WASHINGTON, D.C. — Hundreds of Americans rallied outside the White House early Monday morning, the news that Osama bin Laden had been killed sparking a raucous impromptu rally in the nation's capital — one that had its share of hockey fans in attendance.
Game 2 of the Washington Capitals' series against the Tampa Bay Lightning was played several blocks from the White House, a 3-2 overtime loss for the home team. By the time President Obama made the announcement, the local bars were still packed with hockey fans, many of whom trekked to the rally -- Obama signs sharing space in the crowd with Ovechkin jerseys.
And, of course, this young lady in the Patrick Kane Team USA sweater.
As news broke about bin Laden, the streets of D.C. were filled with revelers. College students, military, firemen, tourists … they all converged on the White House, sang "God Bless America" and "Na Na Na Goodbye" and joined in a moment of American history. (As did that dude who climbed the street lamp while people in the crowd chanted "Yes you can!")
Steve Whyno of the Washington Times caught up with a few more Capitals fans at the White House:
Matt Diseati was at the Caps' game but called himself "the most happy person on earth" to hear the news of bin Laden's death. It wasn't hard to forget about the Caps falling behind 2-0 in the series.
"Of course you forget about it," he said outside the White House. "America won today. The Caps lost, but America won."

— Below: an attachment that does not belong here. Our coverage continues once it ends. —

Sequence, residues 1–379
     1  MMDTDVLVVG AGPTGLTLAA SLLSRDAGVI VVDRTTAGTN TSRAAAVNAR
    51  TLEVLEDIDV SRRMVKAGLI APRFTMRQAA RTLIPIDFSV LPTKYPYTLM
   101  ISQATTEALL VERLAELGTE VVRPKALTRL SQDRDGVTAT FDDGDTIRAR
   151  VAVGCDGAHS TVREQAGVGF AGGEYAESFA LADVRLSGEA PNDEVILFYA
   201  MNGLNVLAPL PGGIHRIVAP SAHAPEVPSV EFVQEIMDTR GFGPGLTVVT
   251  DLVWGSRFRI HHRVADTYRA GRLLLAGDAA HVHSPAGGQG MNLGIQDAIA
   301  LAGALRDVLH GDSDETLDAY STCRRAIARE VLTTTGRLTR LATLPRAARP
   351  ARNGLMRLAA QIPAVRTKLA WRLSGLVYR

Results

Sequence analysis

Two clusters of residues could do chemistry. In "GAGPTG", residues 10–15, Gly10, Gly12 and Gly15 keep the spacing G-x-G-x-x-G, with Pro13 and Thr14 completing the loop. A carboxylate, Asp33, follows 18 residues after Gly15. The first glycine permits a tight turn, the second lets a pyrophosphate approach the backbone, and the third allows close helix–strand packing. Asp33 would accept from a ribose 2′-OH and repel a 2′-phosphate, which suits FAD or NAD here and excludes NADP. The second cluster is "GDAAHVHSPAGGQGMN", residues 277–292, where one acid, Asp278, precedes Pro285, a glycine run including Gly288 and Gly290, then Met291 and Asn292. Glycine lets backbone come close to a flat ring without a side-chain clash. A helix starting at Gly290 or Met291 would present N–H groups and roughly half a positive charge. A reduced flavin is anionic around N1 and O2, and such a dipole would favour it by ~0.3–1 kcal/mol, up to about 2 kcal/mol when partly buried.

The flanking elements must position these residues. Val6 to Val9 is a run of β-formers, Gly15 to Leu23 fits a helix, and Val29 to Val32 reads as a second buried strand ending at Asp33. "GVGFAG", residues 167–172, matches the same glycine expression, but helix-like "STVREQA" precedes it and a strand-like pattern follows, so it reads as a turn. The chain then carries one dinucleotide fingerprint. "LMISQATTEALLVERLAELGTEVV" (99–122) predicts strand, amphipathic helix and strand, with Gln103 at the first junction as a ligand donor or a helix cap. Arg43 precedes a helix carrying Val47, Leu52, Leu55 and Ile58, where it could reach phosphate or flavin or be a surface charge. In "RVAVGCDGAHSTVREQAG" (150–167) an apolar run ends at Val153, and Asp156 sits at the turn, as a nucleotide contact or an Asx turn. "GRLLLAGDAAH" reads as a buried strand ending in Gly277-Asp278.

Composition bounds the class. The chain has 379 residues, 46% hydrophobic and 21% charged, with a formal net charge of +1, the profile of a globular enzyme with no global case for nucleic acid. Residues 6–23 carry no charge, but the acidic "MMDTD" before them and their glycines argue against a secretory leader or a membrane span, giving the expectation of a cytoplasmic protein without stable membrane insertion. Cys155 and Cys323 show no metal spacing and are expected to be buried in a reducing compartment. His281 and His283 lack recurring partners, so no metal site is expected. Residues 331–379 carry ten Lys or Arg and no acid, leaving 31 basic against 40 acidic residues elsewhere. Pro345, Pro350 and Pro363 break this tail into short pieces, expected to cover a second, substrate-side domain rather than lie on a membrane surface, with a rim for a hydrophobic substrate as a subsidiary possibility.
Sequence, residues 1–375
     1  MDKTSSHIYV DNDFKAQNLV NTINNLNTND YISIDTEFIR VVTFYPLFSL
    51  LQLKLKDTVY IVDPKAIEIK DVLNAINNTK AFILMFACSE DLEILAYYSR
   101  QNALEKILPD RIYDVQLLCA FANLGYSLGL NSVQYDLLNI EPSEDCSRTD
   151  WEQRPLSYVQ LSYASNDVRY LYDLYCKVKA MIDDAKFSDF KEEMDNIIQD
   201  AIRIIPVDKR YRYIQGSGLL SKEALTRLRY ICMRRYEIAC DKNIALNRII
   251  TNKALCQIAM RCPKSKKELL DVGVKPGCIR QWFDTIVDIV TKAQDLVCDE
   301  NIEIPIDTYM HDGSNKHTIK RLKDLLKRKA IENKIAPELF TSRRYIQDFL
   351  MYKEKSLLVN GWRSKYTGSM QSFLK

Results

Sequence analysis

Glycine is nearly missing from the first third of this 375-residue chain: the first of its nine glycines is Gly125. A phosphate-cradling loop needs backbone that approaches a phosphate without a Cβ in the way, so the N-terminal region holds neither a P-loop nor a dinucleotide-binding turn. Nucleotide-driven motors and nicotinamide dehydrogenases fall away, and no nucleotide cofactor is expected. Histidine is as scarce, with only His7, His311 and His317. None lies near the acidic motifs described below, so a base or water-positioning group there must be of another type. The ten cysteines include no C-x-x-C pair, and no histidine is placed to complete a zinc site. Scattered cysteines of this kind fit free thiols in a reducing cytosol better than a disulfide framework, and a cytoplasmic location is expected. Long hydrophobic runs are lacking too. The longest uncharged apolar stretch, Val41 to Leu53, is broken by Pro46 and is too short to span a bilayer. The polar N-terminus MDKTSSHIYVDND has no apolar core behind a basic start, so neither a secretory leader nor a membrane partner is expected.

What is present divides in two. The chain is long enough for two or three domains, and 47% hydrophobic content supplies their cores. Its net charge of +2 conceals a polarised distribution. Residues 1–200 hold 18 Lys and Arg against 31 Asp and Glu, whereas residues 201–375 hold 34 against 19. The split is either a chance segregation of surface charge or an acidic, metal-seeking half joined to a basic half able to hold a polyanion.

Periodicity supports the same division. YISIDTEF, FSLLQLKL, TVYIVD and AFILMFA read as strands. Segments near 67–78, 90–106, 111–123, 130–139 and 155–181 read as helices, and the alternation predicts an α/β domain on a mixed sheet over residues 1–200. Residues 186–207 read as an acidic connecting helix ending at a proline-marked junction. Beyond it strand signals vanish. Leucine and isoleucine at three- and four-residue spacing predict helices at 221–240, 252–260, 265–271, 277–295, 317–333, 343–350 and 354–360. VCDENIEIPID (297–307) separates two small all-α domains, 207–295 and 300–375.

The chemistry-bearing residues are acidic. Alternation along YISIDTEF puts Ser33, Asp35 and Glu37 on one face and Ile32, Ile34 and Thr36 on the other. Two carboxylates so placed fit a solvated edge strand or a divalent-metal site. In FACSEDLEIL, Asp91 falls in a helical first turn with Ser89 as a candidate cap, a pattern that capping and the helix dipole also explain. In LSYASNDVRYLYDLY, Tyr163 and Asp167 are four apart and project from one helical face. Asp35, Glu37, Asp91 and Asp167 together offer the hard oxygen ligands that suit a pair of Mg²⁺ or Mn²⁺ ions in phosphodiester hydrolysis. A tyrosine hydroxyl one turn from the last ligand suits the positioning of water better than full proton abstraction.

Kevin Mahorney of Falls Church wasn't at the Caps game but was wearing a throwback white jersey and walked around on crutches. His mood swing Sunday night was similar to many in the area. "My heart was broken two hours ago, and now I hobbled my ass on crutches all the way from Falls Church to the White House," he said.
Asked if he cared about the Caps erasing this deficit, Diseati said: "I mean, maybe a little bit but not really, 'cause America won."
For the press covering Game 2, it was a surreal moment: After coach Bruce Boudreau's press conference, the TV inside the press room was turned to CNN. The only announcement at the time was of a major national security announcement from the president. Being in the heart of D.C., hearing those words … well, any number of Jack Bauer nightmare scenarios ran through my head.
When the bin Laden news broke ... well, like everyone else, we were enjoying the Twitter comedy and heartfelt messages on social media until we could hit the streets ourselves to witness history.
It's 1:43 a.m. as I write this on a side street a few blocks away from the White House. There's still cheering, hollering and car horns. On my way to the car, I turned to a Caps fan in the crowd, pointed at his sweater and asked him if he thought his night would end like this.
"Sorta makes you forget about an overtime loss, doesn't it?" was his reply.
UPDATE: The most surreal bit of hockey-related art from Sunday night, via The Atlantic:
That would be my Dad, he was watching the Caps game at a bar downtown and got called back to work
And to think, Obama still hasn't been to a game ...